This month is Prostate Cancer Awareness Month, and this week we have been running articles that offer information with the hope that you will decide to get yourself checked for Prostate Cancer with your GP.
Every year more than 3,000 Australian men die from Prostate Cancer, and the chances of you being one of them is high. For men between the age of 40 and 75, the chances are one in seven of getting the disease. As the mining community is 85% male, we believe it to be crucial that we spread the word about diseases that can affect you, or any one of the other men you work with.
Most men find it difficult to speak about tough subjects like this at the best of times, but when it comes to something this important, don’t you think it’s worth talking about?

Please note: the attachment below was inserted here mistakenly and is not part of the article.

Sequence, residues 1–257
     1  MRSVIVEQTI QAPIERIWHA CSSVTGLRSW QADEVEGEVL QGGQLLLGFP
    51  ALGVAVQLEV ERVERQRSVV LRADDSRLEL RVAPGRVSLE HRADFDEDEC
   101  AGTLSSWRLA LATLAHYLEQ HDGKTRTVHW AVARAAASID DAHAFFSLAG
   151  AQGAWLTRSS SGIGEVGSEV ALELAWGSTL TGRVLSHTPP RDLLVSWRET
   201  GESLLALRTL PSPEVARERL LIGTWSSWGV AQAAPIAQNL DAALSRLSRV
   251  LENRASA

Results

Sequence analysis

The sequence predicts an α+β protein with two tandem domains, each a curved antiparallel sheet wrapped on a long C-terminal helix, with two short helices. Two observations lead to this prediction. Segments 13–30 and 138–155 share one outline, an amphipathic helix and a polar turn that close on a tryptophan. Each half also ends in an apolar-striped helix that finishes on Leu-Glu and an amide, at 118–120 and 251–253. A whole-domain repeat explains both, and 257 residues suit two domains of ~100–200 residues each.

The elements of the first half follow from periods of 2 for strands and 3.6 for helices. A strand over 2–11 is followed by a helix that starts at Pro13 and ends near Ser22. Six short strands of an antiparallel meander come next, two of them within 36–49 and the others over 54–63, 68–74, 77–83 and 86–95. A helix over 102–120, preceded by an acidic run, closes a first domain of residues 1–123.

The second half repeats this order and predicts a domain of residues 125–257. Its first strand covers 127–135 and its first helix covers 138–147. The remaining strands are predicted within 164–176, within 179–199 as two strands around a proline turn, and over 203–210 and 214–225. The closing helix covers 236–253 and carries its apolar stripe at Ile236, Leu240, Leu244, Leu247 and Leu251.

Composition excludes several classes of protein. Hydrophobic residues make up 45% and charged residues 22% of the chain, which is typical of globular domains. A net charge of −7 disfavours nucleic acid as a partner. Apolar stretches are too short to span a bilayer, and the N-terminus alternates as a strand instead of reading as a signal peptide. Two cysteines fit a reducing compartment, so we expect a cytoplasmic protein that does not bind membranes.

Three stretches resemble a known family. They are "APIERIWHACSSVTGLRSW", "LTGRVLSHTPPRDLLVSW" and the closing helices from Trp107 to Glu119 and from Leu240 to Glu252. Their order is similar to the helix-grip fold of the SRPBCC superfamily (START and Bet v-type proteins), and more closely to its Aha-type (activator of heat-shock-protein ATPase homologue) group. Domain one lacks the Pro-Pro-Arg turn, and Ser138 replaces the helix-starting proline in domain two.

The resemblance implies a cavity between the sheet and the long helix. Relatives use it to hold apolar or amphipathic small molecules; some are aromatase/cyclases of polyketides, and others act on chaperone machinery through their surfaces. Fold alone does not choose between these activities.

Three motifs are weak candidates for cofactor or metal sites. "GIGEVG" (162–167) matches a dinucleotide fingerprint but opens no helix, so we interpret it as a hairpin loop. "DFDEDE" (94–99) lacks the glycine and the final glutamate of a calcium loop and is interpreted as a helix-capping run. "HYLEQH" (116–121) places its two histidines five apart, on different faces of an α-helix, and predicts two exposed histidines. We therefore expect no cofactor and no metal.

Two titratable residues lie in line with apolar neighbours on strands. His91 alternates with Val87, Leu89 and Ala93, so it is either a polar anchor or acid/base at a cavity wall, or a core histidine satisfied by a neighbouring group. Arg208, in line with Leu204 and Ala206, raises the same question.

Even if you aren’t comfortable talking about prostate cancer with your colleagues, we urge you to make an appointment with your GP to get a check-up. If you have anyone in your family who has had prostate cancer, your risk of getting it yourself is severely increased.
Of the approximately 220,000 people working in mining in Australia, around 186,000 are men. Of those 186,000 men, around 27,000 WILL get prostate cancer in their lifetime. Of those 27,000 men currently working in mining in Australia, almost 900 of them will die from prostate cancer. What are the chances that you will know at least one person affected by prostate cancer? Very high. In Australia, prostate cancer is the most commonly diagnosed cancer in men. Luckily, however, when it is diagnosed early, it can be treated, and with a very high success rate.
What Are The Symptoms?
In its early stages, prostate cancer may cause no signs or symptoms at all. This is why it is so important to #GetChecked every year.
More advanced cases of prostate cancer cause symptoms and signs and symptoms like:
- Erectile dysfunction
- Blood in semen
- Discomfort in the pelvic area
- Trouble urinating
- Decreased force in the stream of urine
- Bone pain
If you or anyone you know is experiencing any of these symptoms, contact your GP as soon as possible and get checked.